Washington state gov now requires all police officers to divulge personal social media accounts

How many more cops will resign or retire?

Washington State Criminal Justice Training Commission (CJTC) has amended the contract for the state certification of all law enforcement.

To renew their certification, which must be done by October 31st, officers must agree to facilitate a CJTC review of their social media accounts at any time.

“consent to, and agree to facilitate, a review of any of my social media accounts immediately upon a request by a representative of the Commission. I understand that failure to facilitate such a review when requested may result in a decertification action.”

Washington State began requiring all police officers to have state certification in 2001. The Washington state government recently passed SB 5051 which expanded this certification process to corrections officers beginning on July 25th, 2021. SB 5051 also says that officers must divulge all their social media accounts to CJTC upon request.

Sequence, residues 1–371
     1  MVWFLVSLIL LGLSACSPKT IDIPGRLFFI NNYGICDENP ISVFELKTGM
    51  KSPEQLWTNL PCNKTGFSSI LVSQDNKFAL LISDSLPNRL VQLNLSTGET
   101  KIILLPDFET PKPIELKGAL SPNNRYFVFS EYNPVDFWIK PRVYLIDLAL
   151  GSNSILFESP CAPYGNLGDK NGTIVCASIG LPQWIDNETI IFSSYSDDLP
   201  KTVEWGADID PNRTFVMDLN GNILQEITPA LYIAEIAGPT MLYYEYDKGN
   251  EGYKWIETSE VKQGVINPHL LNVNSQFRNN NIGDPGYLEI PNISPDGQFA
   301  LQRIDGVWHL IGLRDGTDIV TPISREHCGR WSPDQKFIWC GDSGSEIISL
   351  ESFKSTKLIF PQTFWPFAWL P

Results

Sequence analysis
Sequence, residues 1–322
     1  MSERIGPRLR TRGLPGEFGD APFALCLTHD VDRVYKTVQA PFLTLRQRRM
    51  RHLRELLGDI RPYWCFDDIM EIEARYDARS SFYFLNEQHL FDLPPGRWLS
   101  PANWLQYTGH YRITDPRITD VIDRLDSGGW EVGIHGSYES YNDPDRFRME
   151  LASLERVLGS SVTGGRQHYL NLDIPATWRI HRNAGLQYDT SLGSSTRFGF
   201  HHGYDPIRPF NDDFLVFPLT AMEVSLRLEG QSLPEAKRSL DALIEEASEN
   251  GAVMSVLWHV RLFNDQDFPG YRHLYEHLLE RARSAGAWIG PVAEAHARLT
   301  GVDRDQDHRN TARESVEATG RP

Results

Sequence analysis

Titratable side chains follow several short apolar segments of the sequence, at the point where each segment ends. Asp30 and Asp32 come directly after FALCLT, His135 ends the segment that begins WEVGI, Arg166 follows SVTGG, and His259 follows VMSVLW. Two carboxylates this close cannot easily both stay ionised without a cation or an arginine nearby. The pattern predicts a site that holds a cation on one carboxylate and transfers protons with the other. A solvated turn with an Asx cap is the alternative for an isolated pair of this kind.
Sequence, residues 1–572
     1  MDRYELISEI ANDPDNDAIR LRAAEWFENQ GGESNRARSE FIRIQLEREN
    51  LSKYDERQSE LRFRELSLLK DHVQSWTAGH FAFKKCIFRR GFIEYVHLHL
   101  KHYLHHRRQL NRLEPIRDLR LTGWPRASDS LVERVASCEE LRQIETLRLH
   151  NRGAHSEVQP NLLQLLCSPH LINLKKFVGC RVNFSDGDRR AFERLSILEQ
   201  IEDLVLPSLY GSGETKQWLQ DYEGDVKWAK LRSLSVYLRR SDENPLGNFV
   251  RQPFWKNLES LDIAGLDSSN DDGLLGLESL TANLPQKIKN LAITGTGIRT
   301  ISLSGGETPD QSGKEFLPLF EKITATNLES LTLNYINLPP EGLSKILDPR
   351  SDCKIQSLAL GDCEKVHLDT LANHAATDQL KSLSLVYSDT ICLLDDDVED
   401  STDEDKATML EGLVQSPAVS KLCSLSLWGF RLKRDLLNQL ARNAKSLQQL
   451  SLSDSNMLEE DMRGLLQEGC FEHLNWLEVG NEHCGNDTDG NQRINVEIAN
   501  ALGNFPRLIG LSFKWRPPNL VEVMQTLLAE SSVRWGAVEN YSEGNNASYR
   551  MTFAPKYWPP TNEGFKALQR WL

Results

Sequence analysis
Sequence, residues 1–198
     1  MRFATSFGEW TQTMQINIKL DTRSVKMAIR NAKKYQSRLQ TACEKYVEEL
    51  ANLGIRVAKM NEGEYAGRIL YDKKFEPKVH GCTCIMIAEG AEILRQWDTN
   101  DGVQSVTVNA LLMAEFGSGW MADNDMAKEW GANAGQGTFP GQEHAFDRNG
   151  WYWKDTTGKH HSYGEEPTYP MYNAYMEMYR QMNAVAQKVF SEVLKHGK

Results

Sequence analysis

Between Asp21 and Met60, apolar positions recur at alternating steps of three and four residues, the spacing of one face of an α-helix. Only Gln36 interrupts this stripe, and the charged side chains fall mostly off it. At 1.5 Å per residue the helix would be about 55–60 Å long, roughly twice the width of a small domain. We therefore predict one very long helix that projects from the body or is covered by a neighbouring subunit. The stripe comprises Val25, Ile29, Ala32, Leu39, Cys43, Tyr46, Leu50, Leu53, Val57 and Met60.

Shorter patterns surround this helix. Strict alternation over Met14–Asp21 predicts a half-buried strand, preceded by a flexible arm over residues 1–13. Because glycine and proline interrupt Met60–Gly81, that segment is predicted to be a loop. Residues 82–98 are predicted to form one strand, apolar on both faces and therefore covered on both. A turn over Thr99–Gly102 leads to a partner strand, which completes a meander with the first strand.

From SB 5051…

The peace officer or corrections officer must also consent to and facilitate a review of the officer’s social media accounts, however, consistent with RCW 49.44.200, the officer is not required to provide login information. The release of information may not be delayed, limited, or precluded by any agreement or contract between the officer, or the officer’s union, and the entity responsible for the records or information.

Existing state law says employees can not be compelled to provide an employer with their login and password information.

Violent crime is exploding in Washington State as many in the State government and various local governments wage war to neutralize law enforcement efforts. Washington has their highest number of murders in state history in 2020 and maybe on track for its highest murder rate in 2021.

The Seattle police department had 219 officers resign or retire in 2020, compared to only 77 in 2019. Another 66 officers left in the first three months of 2021. The department is struggling to find new officers willing to join the force and is currently at historical lows for the percentage of officers compared to the city’s population.

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